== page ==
Scottish National Dictionary (1700–)

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BOORACH, BOURACH, Boorock, Bourack, Burrach, v., tr. and intr. [′bu:rəx, ′bʌrəx]

1. tr.

(1) “To heap up, mass profusely” (Ags.1 1935). em.Sc. 1913  J. Black Gloamin' Glints 14:
The peats were bouracked 'tween the jambs Wat, draiglet claes to dry.
Edb. 1915  T. W. Paterson Auld Saws 53:
The're glints o' sun, an' blythesome sangs o' birds, An' whiles the dyke-side boorockit wi' floo'ers.

(2) With round: to enclose, surround. Abd. 1768  A. Ross Helenore 59:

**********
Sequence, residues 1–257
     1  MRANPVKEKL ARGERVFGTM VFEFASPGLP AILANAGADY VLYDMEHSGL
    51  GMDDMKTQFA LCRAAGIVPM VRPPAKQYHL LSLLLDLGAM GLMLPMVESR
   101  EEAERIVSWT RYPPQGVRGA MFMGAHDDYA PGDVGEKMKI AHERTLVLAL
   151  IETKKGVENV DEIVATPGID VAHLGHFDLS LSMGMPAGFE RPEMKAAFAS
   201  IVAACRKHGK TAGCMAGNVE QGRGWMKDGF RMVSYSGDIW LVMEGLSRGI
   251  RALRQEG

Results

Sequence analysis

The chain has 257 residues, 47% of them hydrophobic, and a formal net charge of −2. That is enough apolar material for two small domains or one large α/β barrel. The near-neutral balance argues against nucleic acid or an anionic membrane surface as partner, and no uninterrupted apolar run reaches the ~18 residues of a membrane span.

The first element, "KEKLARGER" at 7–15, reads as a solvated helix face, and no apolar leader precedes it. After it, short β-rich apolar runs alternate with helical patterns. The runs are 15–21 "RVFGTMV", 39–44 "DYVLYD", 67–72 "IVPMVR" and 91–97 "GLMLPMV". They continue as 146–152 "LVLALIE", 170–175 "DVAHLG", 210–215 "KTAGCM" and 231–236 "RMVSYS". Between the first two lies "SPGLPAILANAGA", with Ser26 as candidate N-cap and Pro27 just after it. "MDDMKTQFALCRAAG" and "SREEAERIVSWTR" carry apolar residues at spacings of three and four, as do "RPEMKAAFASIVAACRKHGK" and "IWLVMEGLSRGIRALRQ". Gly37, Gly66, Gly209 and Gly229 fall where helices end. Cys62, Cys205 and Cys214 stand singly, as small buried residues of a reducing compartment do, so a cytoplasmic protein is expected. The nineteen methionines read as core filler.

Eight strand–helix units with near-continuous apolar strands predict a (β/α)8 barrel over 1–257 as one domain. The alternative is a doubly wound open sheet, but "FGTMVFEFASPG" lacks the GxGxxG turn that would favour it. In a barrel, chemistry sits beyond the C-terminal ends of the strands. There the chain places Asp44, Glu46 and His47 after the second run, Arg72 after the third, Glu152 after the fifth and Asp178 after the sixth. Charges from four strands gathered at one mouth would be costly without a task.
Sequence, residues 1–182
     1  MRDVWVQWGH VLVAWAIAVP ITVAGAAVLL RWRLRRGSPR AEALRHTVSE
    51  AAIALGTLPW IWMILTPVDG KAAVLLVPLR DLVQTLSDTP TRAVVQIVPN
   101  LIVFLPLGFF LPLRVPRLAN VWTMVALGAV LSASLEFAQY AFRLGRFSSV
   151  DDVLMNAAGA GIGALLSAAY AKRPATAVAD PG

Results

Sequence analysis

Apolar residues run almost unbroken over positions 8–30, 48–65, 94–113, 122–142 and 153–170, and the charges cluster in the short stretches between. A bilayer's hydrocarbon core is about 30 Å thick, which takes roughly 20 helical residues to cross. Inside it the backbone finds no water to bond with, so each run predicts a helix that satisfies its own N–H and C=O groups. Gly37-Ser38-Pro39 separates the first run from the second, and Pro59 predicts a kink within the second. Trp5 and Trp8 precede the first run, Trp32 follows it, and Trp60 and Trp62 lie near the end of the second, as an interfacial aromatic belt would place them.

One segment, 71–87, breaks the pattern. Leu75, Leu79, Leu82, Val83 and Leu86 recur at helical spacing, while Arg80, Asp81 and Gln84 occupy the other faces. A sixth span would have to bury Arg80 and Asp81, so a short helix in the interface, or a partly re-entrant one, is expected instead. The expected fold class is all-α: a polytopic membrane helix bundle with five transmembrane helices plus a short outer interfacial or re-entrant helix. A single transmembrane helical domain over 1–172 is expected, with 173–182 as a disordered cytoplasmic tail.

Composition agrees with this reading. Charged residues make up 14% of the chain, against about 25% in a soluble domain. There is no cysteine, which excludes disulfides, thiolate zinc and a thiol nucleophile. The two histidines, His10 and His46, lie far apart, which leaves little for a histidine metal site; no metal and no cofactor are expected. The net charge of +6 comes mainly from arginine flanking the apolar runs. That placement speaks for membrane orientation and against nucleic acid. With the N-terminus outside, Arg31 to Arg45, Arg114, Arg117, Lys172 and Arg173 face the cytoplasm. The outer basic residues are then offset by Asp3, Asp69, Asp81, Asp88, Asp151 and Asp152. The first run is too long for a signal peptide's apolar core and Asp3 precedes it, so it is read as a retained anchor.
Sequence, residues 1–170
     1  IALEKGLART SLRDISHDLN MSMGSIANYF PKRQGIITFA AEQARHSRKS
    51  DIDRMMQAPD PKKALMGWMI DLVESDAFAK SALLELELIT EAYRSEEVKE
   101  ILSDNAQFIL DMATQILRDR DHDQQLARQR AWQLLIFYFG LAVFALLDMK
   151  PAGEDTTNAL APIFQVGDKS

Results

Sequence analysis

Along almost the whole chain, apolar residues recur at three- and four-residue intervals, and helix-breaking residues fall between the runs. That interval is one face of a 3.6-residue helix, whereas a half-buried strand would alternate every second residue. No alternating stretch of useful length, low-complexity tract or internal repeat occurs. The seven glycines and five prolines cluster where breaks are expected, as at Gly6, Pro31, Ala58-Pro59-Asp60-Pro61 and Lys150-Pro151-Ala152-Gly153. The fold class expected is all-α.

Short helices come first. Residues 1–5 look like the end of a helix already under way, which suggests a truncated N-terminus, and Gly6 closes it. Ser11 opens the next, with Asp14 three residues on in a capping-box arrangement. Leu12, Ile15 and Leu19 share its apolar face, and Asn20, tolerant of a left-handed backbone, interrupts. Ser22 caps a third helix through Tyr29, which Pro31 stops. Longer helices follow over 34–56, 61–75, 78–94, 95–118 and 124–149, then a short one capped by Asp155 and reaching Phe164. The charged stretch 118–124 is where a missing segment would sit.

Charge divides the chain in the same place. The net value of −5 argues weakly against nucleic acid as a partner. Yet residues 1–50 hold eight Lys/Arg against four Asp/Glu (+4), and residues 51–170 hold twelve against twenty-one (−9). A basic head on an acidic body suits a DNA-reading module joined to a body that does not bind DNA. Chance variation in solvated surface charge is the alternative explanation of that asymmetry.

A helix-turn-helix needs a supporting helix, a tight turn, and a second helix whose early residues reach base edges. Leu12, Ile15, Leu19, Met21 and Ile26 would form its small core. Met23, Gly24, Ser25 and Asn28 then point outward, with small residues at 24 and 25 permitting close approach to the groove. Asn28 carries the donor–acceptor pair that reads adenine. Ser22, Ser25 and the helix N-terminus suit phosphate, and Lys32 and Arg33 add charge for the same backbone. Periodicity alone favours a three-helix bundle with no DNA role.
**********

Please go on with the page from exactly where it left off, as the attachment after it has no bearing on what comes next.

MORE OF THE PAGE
Near to some dwelling she began to draw, That was a' burrach'd round about wi trees.

2. intr. “To crowd together” (Bnff.2 1935). Abd. 1904  W. A. G. Farquhar Fyvie Lintie 39:
But noo, “A fecht!” rings through the air; 'Tis heard abeen the din, man; Fouk boorach roun' the sprawlin' pair To see wha's like to win, man.
Hdg. 1801  R. Gall Poems, etc. (1819) 36:
Sae out they bourach'd in a thrang, But fand they had na far to gang.

[The tr. v. (1) is prob. a later formation from Boorach, n., 2 and 3; tr. v. (2) from n., 4 (2), and intr. v. from n., 3. For etym. see preceding.]

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"Boorach v.". Dictionary of the Scots Language. 2004. Scottish Language Dictionaries Ltd. Accessed 26 Apr 2019 <>



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